An additional motivation for the upgrades was to make the aircraft one of the best video games on the planet so no kid or aspiring pilot could resist. This was a great opportunity to promote aviation to the world and this panel would be part of the billboard.

Upgraded avionics panel by Randy Morlock of Eagle Creek

In the months ahead I will share insights on our mission, scientific experiments carried, our team, route, and anticipated global challenges. For more detailed information you can go to FlyingThruLife.com/pole-to-pole/plane-modifications as well as PoleToPoleFlight.com.

What Are The Odds?

I just returned from a 5,300-nm cross-country flight in my Cessna 310.

I love trips like this. It’s one thing to FLY an airplane for fun or sport, and quite another to USE an airplane as a serious traveling machine. I’ve always been a USER, and typically fly at least one transcontinental trip per year, and sometimes two or three.

This was the first of three such trips that my partner Nona and I had planned for 2018. Our itinerary first took us from our home base in California to West Virginia to attend and speak at the Flying Physician’s Association annual meeting at The Greenbrier in White Sulphur Spings, West Virginia. Next stop was Rhode Island, where we spent a lovely week of sightseeing in the beautiful Ocean State. Then we headed westward to Montana, where I met up with my colleague Paul New to teach an all-day owner maintenance course at the AOPA Regional Fly-In in Missoula, Montana. Finally, after two-and-a-half weeks on the road, we returned home flying a somewhat circuitous route via Medford, Oregon, to avoid an area of convective weather developing in Nevada. What a fabulous trip.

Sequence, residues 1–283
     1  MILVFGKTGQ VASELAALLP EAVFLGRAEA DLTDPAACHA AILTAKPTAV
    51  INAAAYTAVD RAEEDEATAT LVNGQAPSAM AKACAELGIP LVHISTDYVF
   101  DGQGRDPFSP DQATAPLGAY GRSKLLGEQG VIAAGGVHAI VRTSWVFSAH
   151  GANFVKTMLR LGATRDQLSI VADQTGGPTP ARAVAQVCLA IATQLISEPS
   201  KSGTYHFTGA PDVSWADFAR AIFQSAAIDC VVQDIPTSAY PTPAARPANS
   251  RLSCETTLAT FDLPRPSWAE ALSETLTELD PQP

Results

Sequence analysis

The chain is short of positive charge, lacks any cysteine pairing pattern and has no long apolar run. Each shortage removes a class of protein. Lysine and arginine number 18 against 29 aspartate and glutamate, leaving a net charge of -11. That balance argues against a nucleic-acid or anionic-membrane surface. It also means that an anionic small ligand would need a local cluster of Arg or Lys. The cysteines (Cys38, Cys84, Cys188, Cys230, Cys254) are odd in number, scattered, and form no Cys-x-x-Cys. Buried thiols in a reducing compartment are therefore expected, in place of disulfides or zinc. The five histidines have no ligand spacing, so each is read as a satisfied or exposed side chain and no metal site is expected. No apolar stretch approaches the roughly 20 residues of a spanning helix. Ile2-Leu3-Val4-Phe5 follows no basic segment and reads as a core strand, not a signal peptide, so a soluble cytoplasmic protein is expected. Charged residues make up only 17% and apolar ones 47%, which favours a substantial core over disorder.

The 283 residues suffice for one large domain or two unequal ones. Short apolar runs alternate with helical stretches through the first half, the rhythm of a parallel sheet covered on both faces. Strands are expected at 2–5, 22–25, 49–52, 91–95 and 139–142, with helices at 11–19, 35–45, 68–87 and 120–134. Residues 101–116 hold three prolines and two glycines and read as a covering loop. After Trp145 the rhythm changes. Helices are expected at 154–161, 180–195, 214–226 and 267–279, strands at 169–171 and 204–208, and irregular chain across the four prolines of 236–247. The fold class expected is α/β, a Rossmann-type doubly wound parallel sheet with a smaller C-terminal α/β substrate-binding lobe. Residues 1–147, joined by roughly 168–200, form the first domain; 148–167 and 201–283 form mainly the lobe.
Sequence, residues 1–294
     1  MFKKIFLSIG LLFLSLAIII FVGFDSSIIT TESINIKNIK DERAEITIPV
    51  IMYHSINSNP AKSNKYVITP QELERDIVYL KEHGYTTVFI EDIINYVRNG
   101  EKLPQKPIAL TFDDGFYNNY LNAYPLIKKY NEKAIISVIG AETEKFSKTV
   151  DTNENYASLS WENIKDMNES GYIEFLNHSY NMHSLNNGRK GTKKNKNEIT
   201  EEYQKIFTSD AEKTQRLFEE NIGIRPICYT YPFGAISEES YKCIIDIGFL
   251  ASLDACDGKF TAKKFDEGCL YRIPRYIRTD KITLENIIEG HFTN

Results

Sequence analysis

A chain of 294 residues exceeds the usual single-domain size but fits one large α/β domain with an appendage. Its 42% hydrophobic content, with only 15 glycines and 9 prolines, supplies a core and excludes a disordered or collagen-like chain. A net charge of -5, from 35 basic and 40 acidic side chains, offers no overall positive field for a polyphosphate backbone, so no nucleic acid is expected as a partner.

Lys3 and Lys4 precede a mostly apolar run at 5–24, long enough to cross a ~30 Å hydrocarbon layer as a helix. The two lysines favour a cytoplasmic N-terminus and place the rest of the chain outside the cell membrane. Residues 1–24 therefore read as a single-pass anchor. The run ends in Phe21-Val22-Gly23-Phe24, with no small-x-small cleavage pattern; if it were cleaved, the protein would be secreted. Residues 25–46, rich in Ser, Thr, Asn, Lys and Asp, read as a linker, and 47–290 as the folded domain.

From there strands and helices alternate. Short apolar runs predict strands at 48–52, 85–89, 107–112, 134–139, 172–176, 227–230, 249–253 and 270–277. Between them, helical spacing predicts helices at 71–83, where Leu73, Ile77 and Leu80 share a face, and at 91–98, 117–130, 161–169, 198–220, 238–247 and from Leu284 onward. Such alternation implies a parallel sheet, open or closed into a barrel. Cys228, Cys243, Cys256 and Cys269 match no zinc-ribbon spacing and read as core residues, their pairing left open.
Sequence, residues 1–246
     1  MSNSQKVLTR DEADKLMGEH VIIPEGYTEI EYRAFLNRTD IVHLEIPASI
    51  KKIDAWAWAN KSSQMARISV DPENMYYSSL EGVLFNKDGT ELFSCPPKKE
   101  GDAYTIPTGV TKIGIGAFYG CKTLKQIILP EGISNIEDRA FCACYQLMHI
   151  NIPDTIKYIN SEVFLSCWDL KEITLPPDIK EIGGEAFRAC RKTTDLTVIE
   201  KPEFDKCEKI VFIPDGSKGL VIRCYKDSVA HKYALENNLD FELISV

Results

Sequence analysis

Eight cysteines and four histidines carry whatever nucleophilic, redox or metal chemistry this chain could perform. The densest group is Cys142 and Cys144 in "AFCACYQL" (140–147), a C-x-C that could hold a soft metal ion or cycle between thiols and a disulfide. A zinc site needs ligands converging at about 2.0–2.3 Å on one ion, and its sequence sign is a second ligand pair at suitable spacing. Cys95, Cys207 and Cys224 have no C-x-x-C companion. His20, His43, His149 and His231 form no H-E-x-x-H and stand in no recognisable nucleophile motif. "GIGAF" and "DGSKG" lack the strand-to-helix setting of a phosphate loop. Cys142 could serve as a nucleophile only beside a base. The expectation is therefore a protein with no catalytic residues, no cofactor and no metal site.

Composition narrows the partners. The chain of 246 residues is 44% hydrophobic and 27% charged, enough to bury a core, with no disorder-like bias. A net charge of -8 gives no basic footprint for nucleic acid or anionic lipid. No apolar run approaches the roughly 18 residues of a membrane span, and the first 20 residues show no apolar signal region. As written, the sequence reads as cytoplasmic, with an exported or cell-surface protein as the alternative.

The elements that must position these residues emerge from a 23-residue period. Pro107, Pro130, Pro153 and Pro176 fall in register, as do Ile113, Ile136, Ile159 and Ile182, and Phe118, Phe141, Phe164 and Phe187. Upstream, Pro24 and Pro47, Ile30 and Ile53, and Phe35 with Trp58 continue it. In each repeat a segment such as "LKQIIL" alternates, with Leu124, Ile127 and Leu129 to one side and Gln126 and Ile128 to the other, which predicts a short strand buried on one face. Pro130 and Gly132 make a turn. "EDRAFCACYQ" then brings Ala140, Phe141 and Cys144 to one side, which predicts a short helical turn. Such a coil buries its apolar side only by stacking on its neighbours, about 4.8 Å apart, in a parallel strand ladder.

Mike's X-C Route

Flight planning

This was Nona’s first long cross-country via GA. Most of her previous flights with me lasted an hour or two at the most. She was predictably a bit apprehensive about making a trip of this magnitude in a small plane, so I decided to plan the trip in a way that would hopefully minimize her stress level and physiological discomfort. I vowed to break up the trip into legs of no more than three hours duration (instead of the four- and five-hour legs I often fly when I’m solo), and to choose a route where the minimum IFR altitudes were no higher than 13,000 feet so Nona wouldn’t have to deal with supplemental oxygen (instead of crossing the Rockies in the low Flight Levels as I often do when I’m solo).